Referring now to FIGS. 16-19 there is shown another embodiment of integrated circuit 47 having a single top plate W on the top face of an oblong body 11 and three bottom plates X, Y and Z on the bottom surface of an oblong body 11. There is a gap 48 between plates X and Y and a gap 49 between plates Y and Z. Plate W is opposite plate X to form capacitor, plate W is opposite plate Y to form capacitor C10 and plate W is opposite plate Z to form capacitor C11. The schematic diagram for circuit 47 shows three capacitors connected in parallel as is shown in FIG. 19.

Referring now to FIGS. 20-23 there is shown another embodiment of an integrated circuit 57 having both capacitors and impedances. Circuit 57 has conductive top plates 61, 62 and 63 on thee top surface of oblong body 11 and conductive plates 64 and 65 on the bottom face of oblong body 11. There is a space or gap 67 between plates 61 and 62 and a gap 68 between plates 64 and 65 with an open area 69 to the right of bottom plate 65. Plate 63 is opposite plate 64 to form capacitor C12 and plate 62 is opposite plate 65 to form capacitor C13. In addition, there is provided an impedance element X1 connected between plates 61 and 62 and an impedance element X2 connected between plates 62 and 63. The schematic diagram for circuit 57 is shown in FIG. 23 as having a capacitor C12 connected to impedance X1 and capacitor C13 connected between impedances X1 and X2. These impedances may be a resistor by using a high resistance metal such as tantalum nitride (TaN) and an inductor could be formed by using the same shape as the resistor but a low resistance metal such as the same base metal as plate 61. These impedances X1 and X2 are formed by depositing a thin, flat layer of metal in a particular pattern as shown. The shape of the impedances shown are a straight, horizontal section, a raised section that extends up, horizontally and down, and a second straight horizontal section similar to a square wave. It is understood other shapes may be used.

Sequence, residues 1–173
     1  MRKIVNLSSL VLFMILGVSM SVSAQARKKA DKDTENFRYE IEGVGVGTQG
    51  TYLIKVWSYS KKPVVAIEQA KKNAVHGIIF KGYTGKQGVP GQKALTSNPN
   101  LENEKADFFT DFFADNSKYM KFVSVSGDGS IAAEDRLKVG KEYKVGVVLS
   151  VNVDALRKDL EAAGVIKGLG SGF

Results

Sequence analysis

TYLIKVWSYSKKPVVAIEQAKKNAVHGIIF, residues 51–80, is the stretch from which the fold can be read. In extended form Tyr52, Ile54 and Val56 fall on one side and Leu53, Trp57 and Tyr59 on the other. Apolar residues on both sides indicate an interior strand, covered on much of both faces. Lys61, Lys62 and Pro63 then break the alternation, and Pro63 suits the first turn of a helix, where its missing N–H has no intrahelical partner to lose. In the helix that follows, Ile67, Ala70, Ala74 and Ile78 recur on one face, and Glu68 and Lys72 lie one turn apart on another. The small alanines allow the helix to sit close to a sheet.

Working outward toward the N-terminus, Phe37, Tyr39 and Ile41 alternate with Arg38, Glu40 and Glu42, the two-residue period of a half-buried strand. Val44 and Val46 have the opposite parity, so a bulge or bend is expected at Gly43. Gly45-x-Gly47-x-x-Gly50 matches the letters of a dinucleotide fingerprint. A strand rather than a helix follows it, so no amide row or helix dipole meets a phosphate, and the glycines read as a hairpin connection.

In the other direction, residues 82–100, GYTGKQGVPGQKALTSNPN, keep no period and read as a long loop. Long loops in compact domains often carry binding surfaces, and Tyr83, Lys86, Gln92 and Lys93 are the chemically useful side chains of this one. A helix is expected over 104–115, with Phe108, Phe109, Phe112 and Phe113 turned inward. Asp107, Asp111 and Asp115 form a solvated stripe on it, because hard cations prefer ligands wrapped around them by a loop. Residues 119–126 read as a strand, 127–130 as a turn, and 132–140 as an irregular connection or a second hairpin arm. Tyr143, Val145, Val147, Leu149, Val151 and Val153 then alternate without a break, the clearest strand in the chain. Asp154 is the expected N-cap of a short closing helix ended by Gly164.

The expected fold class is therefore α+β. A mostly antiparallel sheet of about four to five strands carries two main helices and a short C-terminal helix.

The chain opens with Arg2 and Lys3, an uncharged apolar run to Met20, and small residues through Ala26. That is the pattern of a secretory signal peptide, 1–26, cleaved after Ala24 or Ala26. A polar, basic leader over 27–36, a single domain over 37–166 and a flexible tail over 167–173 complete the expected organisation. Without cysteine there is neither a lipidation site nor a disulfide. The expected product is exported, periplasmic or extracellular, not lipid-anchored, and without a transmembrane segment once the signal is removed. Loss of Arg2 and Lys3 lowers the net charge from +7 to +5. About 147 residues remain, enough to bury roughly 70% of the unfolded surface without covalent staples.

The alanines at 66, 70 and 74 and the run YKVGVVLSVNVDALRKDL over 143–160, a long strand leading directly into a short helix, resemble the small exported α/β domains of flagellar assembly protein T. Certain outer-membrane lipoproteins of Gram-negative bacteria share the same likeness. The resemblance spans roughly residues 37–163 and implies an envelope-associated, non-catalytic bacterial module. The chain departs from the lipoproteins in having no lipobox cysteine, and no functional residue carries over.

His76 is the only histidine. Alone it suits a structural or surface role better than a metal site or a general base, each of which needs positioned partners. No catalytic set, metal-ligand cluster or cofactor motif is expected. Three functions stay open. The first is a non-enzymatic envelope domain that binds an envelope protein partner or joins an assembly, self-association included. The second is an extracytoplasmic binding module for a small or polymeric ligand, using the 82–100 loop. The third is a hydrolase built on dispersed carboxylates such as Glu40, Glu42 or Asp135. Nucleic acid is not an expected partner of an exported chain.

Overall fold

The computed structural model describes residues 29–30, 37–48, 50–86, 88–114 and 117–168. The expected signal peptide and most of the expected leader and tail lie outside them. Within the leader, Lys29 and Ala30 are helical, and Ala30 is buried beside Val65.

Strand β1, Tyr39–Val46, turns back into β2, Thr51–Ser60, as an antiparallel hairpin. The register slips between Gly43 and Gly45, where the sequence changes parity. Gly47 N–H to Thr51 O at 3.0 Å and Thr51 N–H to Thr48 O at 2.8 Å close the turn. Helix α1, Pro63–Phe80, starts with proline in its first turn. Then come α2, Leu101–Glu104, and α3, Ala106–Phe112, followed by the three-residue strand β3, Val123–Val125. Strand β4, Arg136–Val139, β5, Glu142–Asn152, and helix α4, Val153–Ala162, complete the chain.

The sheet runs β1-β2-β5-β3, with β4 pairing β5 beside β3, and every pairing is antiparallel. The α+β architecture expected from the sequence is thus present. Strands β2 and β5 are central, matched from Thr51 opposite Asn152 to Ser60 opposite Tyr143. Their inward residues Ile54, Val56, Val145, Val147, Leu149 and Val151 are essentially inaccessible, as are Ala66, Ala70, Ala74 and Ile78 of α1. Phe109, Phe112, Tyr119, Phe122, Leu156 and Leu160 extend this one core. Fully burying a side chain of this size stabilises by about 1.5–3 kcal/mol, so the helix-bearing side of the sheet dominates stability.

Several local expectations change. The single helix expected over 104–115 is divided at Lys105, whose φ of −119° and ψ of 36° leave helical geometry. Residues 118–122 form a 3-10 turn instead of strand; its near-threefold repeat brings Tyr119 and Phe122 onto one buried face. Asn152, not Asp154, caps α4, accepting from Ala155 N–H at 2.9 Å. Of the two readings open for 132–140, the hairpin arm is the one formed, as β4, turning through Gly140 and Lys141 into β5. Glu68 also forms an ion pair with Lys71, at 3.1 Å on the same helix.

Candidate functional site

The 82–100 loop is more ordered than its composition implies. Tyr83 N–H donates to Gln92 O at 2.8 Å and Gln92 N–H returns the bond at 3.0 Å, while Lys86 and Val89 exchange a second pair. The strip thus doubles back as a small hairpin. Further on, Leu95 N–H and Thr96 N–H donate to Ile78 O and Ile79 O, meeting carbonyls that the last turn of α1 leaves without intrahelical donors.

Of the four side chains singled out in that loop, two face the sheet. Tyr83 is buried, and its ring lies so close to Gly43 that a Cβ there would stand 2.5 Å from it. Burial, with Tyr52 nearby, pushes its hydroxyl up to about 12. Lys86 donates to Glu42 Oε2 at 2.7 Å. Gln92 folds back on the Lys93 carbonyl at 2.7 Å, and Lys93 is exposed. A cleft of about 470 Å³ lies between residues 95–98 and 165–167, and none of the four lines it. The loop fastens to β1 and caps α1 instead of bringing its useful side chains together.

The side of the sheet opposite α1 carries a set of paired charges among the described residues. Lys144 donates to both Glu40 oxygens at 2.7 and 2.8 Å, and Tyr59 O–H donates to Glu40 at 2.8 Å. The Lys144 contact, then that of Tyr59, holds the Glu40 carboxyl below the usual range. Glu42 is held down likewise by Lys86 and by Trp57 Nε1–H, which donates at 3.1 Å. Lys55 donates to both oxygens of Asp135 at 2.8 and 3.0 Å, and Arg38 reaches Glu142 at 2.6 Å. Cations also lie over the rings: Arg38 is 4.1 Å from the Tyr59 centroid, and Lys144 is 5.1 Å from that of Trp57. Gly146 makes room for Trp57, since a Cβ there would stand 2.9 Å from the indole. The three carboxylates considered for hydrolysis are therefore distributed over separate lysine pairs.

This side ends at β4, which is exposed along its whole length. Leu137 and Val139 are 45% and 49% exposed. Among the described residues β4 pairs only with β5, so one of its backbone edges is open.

The above described circuits are suited for RF and microwave use and are useful as a filter, amplifier, oscillator and the like. The advantages over the prior art are summarized as:

1. Tighter tolerance 0.05

2. Lower effective series resistance ESR

3. Multiple parts monolithically joined into one part

4. Higher operating frequencies of 6-8 GHz as to 4 GHz of prior art

5. Reduction of parasitic stray capacitance

6. Reduction in cost of about 6-8 to one per unit

Although the present invention has been described with a certain degree of particularity, it is understood that the present disclosure has been made by way of example and that changes in details of structure may be made without departing from the spirit thereof.

Patent Citations
Cited PatentFiling datePublication dateApplicantTitle
US4306274 *Sep 25, 1980Dec 15, 1981Hitachi, Ltd.Disc ceramic capacitor
US4356530 *Jul 24, 1980Oct 26, 1982Tdk Electronics Co., Ltd.Ceramic capacitor
US4410867 *Oct 17, 1980Oct 18, 1983Western Electric Company, Inc.With tantalum nitride resistor film
US4737744 *Feb 21, 1986Apr 12, 1988Tektronix, Inc.Integrated capacitors for forming components of bandpass filters
US5367430 *Oct 21, 1992Nov 22, 1994Presidio Components, Inc.Monolithic multiple capacitor
US5414589 *Jun 7, 1993May 9, 1995Rohm Co., Ltd.Capacitor having a changeable dielectric capacity and manufacturing method thereof
US5757076 *Oct 14, 1997May 26, 1998Rohm Co., Ltd.Chip type electronic component
GB1469944A * Title not available
Referenced by
Citing PatentFiling datePublication dateApplicantTitle
US6396678 *Aug 21, 2000May 28, 2002Filtec Fuer Die Electronikindustrie GmbhCapacitor
US6407905 *Aug 9, 1999Jun 18, 2002Abb Corporate Research Ltd.Electronic components
US6646858Nov 12, 2002Nov 11, 2003Filtec Filtertechnologie Fuer Die Electronikindustrie GmbhCapacitor body and a filter plug including a capacitor formed with the capacitor body
Classifications
U.S. Classification361/311, 361/321.5, 361/328
International ClassificationH05K1/16, H05K3/06, H01G4/33, H05K3/00, H05K1/03, H01F27/00, H01C13/00
Cooperative ClassificationH01L27/01, H05K1/16, H01G4/228, H05K3/0052, H01G4/33, H01L23/64, H01L28/40, H01L27/016, H05K3/0097, H05K1/0306, H01L28/20, H01G4/38, H01L27/0207
European ClassificationH01G4/228, H01L27/01C, H01L27/01, H01G4/33, H01L27/02B2, H01G4/38